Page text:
**Seminars begin at 4:00 PM and will be held in Clark Hall Room 101**
April 25, 2014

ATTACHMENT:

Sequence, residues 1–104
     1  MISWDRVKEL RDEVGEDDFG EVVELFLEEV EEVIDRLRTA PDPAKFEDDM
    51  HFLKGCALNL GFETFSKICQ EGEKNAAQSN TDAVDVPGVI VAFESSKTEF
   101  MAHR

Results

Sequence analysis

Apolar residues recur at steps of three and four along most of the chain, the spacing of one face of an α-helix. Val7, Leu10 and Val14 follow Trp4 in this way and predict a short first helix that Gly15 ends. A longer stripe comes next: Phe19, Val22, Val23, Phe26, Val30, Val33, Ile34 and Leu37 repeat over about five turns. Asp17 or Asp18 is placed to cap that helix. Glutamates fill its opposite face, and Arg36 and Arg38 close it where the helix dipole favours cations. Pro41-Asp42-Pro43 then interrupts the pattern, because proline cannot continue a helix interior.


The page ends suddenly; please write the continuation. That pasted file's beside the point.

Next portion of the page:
Metal ion homeostasis is essential for all living organisms, and defects in the metal-trafficking proteins involved lead to a number of human diseases. A viable metal-trafficking system must be able to distinguish one metal from another, and knowledge of how this is achieved is lacking. The nickel trafficking system is attractive for study from the standpoint that the number of targets (enzymes dependent on nickel) is small, and thus the traffic pattern is simple, though it features the proteins that perform the functions that are essential to all transition metal trafficking systems: controlling import and export (metallotransporters), targeting the delivery of metals to specific enzymes (metallochaperones) or involvement in metallocenter assembly (accessory proteins), and regulating the expression of the other proteins in response to metal ion availability (metalloregulators). In addition, since mammals utilize no known nickel-dependent enzymes, understanding of nickel trafficking may offer a useful antibiotic strategy. Studies aimed at determining how various proteins involved in nickel trafficking distinguish nickel from other metals will be described using examples from E. coli and Helicobacter pylori.